The Gulf Cup victory should not be seen as a one-off, but as the start of something. And the key to future victories lies with continuing to identify and nurture young players, and bringing them together.
It was a closely fought battle, but when Ismail Al Hammadi found the net in the 107th minute, ending a 1-1 stalemate, the nation erupted with joy. Friday night's game against Iraq in Bahrain was a nail-biter to the end, but the UAE held on to claim its second Gulf Cup of Nations winner's trophy, and its first under an Emirati coach.
The victory represents a coming of age for UAE football, and much of the credit for that lies with Mahdi Ali, who also helmed the under-23 team that, in another first, qualified for the Olympics last year. In fact, Ali has been mentoring star players since he signed on as coach of the national youth team in 2008.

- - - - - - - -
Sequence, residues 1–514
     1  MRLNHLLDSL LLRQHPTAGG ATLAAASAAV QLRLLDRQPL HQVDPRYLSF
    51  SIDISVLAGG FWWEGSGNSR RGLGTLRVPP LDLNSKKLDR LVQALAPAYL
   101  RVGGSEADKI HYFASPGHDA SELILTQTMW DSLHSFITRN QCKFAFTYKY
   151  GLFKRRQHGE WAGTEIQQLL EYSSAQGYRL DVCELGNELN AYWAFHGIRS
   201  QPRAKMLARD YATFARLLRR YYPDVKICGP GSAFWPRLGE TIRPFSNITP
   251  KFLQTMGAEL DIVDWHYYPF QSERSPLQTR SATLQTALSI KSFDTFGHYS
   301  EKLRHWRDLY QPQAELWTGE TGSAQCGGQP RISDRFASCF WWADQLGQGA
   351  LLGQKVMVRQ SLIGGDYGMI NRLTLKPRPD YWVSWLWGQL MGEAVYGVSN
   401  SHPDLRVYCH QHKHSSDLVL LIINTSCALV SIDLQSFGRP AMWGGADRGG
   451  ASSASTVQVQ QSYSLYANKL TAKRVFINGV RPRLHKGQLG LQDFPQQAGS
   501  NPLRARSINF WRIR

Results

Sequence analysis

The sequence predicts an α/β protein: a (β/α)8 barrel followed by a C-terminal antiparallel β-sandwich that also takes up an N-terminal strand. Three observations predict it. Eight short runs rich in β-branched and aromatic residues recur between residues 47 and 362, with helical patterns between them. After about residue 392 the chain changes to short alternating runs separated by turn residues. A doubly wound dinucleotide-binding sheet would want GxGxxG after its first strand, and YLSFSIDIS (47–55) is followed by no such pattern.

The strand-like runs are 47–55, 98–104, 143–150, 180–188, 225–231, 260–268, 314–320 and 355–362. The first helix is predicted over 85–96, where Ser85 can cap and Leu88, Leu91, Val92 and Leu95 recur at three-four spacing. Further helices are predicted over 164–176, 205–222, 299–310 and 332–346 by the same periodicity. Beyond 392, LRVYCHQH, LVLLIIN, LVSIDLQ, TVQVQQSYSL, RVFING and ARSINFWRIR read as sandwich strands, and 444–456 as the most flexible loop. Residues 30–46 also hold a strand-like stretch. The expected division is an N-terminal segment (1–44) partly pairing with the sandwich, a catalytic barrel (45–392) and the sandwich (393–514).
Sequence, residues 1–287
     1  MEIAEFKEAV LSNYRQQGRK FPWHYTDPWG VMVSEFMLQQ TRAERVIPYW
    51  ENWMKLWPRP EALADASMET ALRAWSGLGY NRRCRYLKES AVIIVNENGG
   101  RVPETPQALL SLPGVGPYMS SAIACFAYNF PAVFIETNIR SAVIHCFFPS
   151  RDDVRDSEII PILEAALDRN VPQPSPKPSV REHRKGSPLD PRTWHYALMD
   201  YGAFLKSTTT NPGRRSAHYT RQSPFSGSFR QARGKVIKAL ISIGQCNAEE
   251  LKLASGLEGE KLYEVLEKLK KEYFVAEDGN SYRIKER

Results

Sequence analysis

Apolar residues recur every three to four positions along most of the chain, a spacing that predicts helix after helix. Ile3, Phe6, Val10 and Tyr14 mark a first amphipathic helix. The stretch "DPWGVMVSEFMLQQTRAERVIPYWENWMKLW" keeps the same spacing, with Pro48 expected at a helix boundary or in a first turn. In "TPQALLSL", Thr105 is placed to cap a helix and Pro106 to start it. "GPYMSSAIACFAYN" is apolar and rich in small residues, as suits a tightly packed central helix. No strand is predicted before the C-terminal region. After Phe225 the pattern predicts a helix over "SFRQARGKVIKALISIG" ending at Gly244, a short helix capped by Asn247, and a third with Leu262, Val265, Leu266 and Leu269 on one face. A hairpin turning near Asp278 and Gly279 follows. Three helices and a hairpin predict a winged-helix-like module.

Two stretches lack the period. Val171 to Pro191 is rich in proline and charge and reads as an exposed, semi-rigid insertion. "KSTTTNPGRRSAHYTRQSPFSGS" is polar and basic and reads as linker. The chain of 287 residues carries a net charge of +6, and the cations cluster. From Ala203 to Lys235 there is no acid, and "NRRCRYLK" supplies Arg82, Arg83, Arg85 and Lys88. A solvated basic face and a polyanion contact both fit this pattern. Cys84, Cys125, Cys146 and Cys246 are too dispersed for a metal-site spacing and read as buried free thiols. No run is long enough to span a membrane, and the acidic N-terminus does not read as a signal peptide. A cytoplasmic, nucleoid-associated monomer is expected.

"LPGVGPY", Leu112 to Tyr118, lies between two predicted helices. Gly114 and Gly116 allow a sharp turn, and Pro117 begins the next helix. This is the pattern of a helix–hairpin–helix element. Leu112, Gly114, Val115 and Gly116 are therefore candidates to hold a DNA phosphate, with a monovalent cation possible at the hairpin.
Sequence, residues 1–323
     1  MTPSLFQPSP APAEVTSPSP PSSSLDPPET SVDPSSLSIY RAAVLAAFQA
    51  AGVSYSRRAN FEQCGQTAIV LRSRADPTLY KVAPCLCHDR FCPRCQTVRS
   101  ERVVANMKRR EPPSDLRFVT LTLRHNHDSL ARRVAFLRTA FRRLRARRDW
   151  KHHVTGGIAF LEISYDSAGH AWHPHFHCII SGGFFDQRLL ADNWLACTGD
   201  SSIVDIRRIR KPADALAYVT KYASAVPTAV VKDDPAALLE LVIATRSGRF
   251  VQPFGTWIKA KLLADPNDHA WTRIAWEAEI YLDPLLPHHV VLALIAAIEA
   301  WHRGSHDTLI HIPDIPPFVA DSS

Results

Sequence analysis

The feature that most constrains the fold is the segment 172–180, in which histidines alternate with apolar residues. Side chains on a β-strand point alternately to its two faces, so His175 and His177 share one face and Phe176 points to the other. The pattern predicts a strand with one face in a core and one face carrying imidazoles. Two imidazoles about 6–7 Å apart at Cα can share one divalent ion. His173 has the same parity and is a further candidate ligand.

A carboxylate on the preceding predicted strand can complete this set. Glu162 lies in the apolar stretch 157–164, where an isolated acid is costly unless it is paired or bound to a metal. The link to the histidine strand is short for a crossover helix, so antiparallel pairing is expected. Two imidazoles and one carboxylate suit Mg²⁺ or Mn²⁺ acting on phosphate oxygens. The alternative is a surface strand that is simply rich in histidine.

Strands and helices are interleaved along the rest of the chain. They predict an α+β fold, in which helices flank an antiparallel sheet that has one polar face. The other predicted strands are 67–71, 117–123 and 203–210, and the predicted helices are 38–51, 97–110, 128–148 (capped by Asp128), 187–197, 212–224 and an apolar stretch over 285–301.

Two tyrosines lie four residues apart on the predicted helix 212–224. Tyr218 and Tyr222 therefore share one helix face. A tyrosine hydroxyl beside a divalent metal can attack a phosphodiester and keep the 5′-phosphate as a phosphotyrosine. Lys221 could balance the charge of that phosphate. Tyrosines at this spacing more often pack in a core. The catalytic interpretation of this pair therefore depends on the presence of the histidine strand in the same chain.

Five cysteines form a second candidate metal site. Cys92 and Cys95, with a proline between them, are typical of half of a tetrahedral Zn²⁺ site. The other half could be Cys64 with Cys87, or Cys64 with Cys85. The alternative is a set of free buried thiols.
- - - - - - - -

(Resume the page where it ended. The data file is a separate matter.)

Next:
The Cup win should not be seen as a one-off, but as the start of something. And the key to future victories lies with continuing to identify and nurture young players, and bringing them together.
Of course, most of the current team are young enough to see more success at regional and international level - and some of them will be looking at lucrative individual club contracts. It is important for the future of the game that there is also a steady supply of youngsters who have the talent and the hunger to win for their country. Now that base camp is established, there are more Everests to climb.